Budget update: proposals face long ratings and criticism from business groups

Discussion of President Biden’s $ 3.5 trillion plan resumed this week after the Ways and Means Committee discussed the proposed changes September 13-15. with Toyota, Honda and Tesla on changes to electric vehicle subsidies. The budget continues to face strong resistance from Republicans as well as leading budget conservative Democrats.

Originally included in the President’s infrastructure bill, the $ 3.5 billion budget bill still includes increased taxes on the highest paying individuals and businesses and funding for things like clean energy. , housing and the expansion of Medicare, with some changes. In particular, the version discussed in committee would increase the corporate tax rate from 21% to 26.5%, lower than the previous proposals, which would have set the corporate tax rate at 28%.

The National Association of Manufacturers has criticized the proposal because it has the idea of ​​a corporate tax rate of 28%. A senior vice president of NAM, Aric Newhouse, said in a statement that “there is no denying that increasing the corporate tax rate would reduce the new jobs created.

Newhouse cited a NAM survey that found 91% of respondents in manufacturing would have a harder time raising wages with higher taxes and said the 2017 tax code resulted in historic job growth. in the manufacturing sector. “Going back to archaic tax policies” would have the opposite effect, Newhouse said.

Additional subsidies for electric vehicles built by the Union?

While the measure’s increase in the corporate tax rate has been the subject of persistent criticism from business groups, the latest round of changes has introduced a new point of contention for U.S. automakers: increased subsidies for electric vehicles built in the United States by unionized workers.

According to the UAW, purchases of electronic vehicles are currently subsidized by a tax credit of $ 7,500 for the first 200,000 electric vehicles sold by an automobile manufacturer. General Motors and Tesla have already passed the 200,000 vehicle threshold.

A proposed budget provision, presented by Representative Dan Kildee, a Democrat from Flint, Michigan, would remove that threshold and add an additional tax credit of $ 4,500 for electric cars built by unionized employees and an additional $ 500 for US-made batteries, for a total tax credit of $ 12,500 for an EV built by a US union that uses US batteries.

Honda, Toyota and Tesla have all complained that the extra money for union-built cars discriminates against their operations.

Honda, in a Sept. 12 statement, said the proposed expansion was “unfair” and discriminatory against non-union American auto workers. “If Congress is serious about tackling the climate crisis, as well as its goal of seeing these vehicles built in America, it should treat all electric vehicles made by American auto workers fairly and equally,” he said. -he declares. In a letter to Congress reported by the Associated Press, Toyota Motors said the union tax credit was not only “biased” but “exorbitant”.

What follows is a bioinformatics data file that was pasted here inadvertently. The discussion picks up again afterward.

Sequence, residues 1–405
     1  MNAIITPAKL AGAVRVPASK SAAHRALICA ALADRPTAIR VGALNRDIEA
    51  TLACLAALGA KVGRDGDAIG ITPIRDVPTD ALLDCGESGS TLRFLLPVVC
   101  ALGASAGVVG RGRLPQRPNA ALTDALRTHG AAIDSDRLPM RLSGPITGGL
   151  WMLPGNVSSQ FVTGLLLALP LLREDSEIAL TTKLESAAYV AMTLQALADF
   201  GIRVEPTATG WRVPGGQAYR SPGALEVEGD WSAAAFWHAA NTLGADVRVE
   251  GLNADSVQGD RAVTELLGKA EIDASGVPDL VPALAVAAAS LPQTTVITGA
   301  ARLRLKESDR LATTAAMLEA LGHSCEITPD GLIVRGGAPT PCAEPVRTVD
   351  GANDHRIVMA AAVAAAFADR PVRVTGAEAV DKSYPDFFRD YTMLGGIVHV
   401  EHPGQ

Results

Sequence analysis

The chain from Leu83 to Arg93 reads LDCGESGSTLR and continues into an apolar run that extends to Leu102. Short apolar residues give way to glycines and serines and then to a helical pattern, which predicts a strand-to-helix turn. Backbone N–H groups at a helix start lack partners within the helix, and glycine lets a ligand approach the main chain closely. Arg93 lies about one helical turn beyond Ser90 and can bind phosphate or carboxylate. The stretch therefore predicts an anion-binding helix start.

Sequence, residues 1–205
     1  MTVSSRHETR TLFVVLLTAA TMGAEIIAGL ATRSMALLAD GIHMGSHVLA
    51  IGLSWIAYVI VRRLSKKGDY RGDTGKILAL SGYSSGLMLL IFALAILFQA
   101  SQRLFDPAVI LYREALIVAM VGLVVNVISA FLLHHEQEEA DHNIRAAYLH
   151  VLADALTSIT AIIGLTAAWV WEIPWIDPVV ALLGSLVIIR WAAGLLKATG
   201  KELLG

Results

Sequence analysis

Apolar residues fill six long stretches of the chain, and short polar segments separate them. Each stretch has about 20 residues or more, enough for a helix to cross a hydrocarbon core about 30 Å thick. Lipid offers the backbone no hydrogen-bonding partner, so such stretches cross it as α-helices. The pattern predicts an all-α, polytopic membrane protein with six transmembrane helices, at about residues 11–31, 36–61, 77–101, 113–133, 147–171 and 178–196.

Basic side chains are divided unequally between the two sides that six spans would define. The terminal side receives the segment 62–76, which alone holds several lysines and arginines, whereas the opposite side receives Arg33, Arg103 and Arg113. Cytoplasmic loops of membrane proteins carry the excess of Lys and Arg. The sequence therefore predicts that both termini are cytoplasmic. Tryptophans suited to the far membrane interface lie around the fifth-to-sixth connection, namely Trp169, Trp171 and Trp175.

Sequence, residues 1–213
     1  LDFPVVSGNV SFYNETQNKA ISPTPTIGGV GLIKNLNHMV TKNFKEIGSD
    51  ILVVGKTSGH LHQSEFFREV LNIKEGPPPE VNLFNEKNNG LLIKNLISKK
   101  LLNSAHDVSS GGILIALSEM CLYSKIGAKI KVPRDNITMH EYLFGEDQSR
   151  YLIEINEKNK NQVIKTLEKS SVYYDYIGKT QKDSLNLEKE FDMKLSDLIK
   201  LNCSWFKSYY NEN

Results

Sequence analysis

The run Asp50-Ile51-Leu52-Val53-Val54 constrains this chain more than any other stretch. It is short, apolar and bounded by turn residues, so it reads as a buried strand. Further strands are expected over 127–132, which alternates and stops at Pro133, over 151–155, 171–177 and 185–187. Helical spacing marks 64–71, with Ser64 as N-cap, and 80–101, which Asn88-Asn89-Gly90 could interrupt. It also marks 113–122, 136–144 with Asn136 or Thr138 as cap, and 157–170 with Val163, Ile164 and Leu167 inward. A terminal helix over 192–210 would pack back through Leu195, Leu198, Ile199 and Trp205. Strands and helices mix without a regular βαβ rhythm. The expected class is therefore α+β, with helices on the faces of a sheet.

Tesla CEO Elon Musk wrote on social media that the proposal appeared to have been “written by Ford / UAW lobbyists as they build their electric car in Mexico.” While Ford’s electric Mach-E Mustang is currently under construction in Mexico, these vehicles will not qualify for the tax credit, and Ford says future Mach-E’s will soon be built in Michigan.

United Auto Workers chairman Ray Curry praised the provision and Kildee for bringing it forward. “I commend Representative Kildee for developing legislation to protect and create more well-paying union jobs for years to come,” said Curry. The UAW has previously expressed concern over the rise of electrified vehicles, which contain fewer parts than conventional vehicles and require fewer workers for assembly.

Budget uncertain way forward

Democrats are walking the edge of a knife to pass the budget. In the face of unanimous opposition from Republicans, the bill’s only hope for survival is unanimous support from Democrats, which it currently lacks.

Key West Virginia Democratic Senator Joe Manchin said last weekend that he “cannot support $ 3.5 trillion.” Manchin prefers a budget closer to $ 1.5 trillion or $ 1.5 trillion, he said, and he opposes any corporate tax rate above 25%, which is 1.5% less than what ask for the current proposals. Arizona Democratic Senator Kyrsten Sinema also rejected the cost of the budget.

Democrats aiming to pass the bill using the budget reconciliation bill need all 50 Senate Democrats, including Manchin and Sinema, to vote in favor of the bill to pass it without any Republican support.

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About Christopher Easley

Christopher Easley

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